Tuesday, May 17
Carson JF Bruno
The California June Primary:
Should we expect the unexpected?
With the pubic distracted by the FBI battling Apple for an iPhone backdoor, President Obama is secretly working to trash President Ronald Reagan’s restrictions on the number of federal agencies… Read More
Most Americans think that the federal government is incompetent and wasteful. Their negative view is not surprising given the steady stream of scandals emanating from Washington. Scholarly studies support the idea that many federal activities are misguided and harmful. A recent book on federal performance by Yale University law professor Peter Schuck concluded that failure is “endemic.” What causes all the failures?
First, federal policies rely on top-down planning and coercion. That tends to create winners and losers, which is unlike the mutually beneficial relationships of markets. It also means that federal policies are based on guesswork because there is no price system to guide decision making. A further problem is that failed policies are not weeded out because they are funded by taxes, which are compulsory and not contingent on performance.
Second, the government lacks knowledge about our complex society. That ignorance is behind many unintended and harmful side effects of federal policies. While markets gather knowledge from the bottom up and are rooted in individual preferences, the government’s actions destroy knowledge and squelch diversity.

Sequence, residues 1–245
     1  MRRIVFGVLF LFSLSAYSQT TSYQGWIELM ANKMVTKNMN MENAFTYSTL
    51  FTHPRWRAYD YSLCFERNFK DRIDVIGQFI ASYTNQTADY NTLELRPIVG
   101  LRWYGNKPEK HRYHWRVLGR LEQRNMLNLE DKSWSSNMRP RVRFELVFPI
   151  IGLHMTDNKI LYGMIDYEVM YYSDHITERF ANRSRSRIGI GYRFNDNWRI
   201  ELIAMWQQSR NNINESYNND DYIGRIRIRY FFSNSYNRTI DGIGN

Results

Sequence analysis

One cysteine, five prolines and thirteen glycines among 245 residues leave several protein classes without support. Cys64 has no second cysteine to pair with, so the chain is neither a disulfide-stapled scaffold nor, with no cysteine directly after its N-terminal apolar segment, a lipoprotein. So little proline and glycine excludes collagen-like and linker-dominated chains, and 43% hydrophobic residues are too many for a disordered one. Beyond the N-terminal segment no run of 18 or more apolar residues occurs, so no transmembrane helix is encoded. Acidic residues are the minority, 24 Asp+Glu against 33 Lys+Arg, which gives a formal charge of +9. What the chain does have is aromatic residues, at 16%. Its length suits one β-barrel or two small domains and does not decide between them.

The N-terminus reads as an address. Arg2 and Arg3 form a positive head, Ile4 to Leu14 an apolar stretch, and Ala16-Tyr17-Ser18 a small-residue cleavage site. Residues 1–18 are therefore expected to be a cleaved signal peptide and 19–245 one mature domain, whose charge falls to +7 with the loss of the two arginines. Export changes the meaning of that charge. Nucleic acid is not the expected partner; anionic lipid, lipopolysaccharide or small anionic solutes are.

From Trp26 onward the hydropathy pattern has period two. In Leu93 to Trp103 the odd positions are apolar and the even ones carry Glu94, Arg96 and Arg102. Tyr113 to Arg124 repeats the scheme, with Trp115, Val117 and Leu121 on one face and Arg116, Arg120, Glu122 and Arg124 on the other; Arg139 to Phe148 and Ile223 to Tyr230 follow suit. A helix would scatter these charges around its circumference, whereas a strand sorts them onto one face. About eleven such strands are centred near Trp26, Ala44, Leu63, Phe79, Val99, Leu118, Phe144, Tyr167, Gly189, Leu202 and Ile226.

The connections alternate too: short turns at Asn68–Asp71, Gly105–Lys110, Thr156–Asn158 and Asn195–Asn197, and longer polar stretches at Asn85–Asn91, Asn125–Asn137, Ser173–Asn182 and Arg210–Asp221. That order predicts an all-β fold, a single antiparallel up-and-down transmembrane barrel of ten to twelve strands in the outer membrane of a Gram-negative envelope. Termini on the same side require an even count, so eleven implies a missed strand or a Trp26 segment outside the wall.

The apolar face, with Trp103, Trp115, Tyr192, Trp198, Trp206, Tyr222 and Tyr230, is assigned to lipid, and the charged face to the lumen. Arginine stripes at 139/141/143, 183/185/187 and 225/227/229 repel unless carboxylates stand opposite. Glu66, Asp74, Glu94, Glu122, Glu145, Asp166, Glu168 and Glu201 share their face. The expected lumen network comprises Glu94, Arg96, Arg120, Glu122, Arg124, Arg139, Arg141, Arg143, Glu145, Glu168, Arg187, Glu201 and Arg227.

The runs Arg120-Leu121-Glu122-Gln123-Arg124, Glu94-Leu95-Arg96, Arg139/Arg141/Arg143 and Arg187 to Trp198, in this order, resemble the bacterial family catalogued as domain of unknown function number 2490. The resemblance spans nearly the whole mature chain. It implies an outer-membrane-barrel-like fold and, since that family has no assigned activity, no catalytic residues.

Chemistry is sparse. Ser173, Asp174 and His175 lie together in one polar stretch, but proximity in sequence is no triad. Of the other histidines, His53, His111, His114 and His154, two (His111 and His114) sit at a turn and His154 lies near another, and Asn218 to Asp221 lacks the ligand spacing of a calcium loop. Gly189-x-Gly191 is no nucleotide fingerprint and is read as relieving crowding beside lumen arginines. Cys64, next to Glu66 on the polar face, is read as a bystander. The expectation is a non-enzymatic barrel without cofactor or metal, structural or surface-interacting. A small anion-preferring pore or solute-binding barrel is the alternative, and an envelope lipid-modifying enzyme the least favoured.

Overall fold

Third, legislators often act counter to the general public interest . . .
Congresswoman Elise Stefanik is not your typical Millennial. At the age of 31, she’s already a member of Congress, where the average age is 60. She’s also the youngest woman ever elected to Congress in US history.
It might sound odd that such a young female succeeded in getting elected to a legislature historically dominated by old white men.
Still, it’s extremely impressive what Congresswoman Stefanik has been able to accomplish, but she remains very modest about it. In her view, being the youngest female member of Congress in US history is not just an honor, it’s a tremendous responsibility. She said,
It's an incredibly humbling experience. I didn't know I would be the youngest woman ever elected to Congress. The media started covering this after I won my primary and an interesting thing started happening at campaign events — moms and dads started bringing their young daughters… and for many of these families this was their first time at political rallies. [These parents] wanted to show their young daughters a role model and an example of what they could achieve… For me that's incredibly humbling, and I do take my role seriously as a role model.